Apple, Microsoft, Windows, Parallels, ARM, operating systems, Macs, virtualization

You know things have changed when one of the fastest ways to run Windows is to run it using Parallels Desktop on an M1 Mac and Microsoft brings in Apple Silicon support for its own Remote Desktop application.

The fastest Windows PC? Get a Mac

Parallels now offers native Apple Silicon support in Parallels Desktop 16. As anticipated, this extends to various ARM-based Linux installations (Ubuntu, Fedora, Debian, and Kali) and also to Windows 10 on ARM Insider Preview.

It seems to work well.

Not only does it deliver 30% better performance than you get running Windows 10 VM on an Intel Mac, it also uses much less energy and will run most Windows apps like native Mac apps, though some 64-bit applications may not run as well as you expect.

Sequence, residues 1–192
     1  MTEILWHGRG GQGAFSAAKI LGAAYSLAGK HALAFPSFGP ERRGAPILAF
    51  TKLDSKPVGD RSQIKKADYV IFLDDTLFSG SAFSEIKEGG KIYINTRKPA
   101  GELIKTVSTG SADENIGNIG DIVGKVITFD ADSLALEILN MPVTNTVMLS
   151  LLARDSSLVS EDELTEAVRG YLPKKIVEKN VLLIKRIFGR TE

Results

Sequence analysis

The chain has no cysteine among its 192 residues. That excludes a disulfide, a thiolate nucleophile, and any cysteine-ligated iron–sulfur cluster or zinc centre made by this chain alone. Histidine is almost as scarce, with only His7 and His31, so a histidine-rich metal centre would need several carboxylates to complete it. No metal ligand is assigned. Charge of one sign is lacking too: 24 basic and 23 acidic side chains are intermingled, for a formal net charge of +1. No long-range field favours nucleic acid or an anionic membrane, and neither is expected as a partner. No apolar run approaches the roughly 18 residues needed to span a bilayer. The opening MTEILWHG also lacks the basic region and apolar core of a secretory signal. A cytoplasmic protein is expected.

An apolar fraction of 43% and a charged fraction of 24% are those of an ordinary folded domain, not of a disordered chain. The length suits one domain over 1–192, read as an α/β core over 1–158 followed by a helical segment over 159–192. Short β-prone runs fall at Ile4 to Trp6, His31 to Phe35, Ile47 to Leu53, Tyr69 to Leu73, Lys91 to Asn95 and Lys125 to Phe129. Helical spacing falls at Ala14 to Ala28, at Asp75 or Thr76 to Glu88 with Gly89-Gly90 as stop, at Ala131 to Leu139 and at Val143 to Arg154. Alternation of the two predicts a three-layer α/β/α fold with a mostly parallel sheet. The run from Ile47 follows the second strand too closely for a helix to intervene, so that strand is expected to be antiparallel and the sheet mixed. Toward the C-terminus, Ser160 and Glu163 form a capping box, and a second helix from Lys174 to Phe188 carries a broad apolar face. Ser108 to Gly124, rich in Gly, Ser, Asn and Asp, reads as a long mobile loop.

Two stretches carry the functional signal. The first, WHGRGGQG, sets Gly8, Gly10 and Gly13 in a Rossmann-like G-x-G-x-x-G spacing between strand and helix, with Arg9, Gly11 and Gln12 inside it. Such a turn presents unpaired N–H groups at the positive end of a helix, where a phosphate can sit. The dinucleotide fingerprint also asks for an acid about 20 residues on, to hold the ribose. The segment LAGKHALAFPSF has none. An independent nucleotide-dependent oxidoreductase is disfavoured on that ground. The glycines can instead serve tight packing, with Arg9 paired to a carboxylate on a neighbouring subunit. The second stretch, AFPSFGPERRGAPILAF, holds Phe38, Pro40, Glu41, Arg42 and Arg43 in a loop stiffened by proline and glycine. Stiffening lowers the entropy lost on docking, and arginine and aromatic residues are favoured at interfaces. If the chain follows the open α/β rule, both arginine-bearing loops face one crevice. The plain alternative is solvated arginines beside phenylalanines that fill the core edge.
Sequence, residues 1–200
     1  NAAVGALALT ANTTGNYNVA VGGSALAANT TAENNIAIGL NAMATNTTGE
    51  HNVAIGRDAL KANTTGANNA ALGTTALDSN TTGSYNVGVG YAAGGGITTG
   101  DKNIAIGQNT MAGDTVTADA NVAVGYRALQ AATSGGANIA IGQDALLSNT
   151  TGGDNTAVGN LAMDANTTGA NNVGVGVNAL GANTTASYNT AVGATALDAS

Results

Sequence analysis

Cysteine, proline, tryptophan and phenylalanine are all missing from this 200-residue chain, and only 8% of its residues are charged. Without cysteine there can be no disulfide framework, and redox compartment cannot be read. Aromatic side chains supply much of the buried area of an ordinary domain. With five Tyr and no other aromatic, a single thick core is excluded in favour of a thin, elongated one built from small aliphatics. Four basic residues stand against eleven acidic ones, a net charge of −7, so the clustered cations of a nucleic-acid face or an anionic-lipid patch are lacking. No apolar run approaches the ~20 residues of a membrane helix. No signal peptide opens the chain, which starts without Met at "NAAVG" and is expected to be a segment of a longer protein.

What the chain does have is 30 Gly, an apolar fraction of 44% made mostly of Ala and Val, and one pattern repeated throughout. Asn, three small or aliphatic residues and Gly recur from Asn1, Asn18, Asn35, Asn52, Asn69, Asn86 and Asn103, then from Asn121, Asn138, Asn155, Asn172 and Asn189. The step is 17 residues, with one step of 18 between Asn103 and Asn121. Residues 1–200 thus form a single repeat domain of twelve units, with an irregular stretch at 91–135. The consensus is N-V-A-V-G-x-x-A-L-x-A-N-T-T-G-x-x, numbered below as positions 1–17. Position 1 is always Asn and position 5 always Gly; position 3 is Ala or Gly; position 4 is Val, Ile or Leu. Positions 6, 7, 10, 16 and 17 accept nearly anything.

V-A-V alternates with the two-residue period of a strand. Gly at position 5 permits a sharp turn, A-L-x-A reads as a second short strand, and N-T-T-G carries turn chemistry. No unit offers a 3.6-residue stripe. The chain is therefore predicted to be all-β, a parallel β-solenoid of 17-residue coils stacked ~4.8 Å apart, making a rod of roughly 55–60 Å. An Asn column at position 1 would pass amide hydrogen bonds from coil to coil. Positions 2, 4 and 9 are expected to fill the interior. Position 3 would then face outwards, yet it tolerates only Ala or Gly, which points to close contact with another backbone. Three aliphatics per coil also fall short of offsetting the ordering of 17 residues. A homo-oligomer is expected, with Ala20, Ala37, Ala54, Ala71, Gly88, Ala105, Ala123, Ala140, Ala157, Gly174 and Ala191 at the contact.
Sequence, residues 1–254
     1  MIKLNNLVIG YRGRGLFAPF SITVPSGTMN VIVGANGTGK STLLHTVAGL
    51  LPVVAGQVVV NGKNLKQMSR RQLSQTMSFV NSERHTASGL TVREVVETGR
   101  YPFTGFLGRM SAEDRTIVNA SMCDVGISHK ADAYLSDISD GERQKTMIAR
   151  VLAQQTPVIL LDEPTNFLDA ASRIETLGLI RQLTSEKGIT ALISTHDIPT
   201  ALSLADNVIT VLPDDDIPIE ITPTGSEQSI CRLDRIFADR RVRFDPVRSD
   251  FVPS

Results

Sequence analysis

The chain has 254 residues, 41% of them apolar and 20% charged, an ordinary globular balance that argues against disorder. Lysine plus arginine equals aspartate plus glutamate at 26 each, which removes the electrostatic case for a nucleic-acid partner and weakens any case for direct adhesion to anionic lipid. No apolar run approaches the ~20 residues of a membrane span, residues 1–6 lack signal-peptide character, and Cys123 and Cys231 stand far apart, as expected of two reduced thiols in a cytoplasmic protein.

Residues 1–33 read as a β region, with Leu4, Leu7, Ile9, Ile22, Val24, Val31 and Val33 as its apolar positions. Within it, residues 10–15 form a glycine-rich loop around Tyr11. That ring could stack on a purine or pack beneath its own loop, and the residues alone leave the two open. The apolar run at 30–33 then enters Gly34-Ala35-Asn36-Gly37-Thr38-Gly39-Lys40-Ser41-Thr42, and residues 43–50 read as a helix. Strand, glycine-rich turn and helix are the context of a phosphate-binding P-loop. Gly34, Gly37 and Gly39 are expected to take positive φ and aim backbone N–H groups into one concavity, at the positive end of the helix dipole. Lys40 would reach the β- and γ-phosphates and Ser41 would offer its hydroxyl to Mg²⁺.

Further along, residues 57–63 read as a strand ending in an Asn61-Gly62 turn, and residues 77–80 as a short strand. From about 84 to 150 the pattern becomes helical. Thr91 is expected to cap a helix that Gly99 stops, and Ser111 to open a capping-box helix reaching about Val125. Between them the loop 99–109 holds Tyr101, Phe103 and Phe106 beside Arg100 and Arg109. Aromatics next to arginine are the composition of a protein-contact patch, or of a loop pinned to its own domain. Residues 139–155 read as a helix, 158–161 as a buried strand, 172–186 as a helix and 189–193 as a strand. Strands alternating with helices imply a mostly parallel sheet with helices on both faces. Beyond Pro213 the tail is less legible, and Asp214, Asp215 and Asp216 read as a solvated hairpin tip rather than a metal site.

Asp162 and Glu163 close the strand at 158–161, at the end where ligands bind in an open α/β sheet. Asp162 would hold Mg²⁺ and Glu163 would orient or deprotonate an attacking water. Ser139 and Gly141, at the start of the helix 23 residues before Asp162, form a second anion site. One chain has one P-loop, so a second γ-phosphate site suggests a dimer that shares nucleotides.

In other words, Windows in VM on an M1 Mac now runs at least as well, and often bette,r than Windows runs on many commercially available Windows PCs. One beta tester cited in a Parallels statement called it the “fastest version of Windows” they’d ever used.

The catch is you must run a beta version of the operating system, which Microsoft doesn’t offer to consumers yet. This may be good enough for occasional tasks, but it’s not sufficiently robust for all your enterprise’s work. All the same, I can’t help but see this as a stealthy attempt at a global beta test of running ARM-based Windows on Macs. And the results, at least on Parallels figures, seem pretty good so far.

Copyright © 2021 IDG Communications, Inc.

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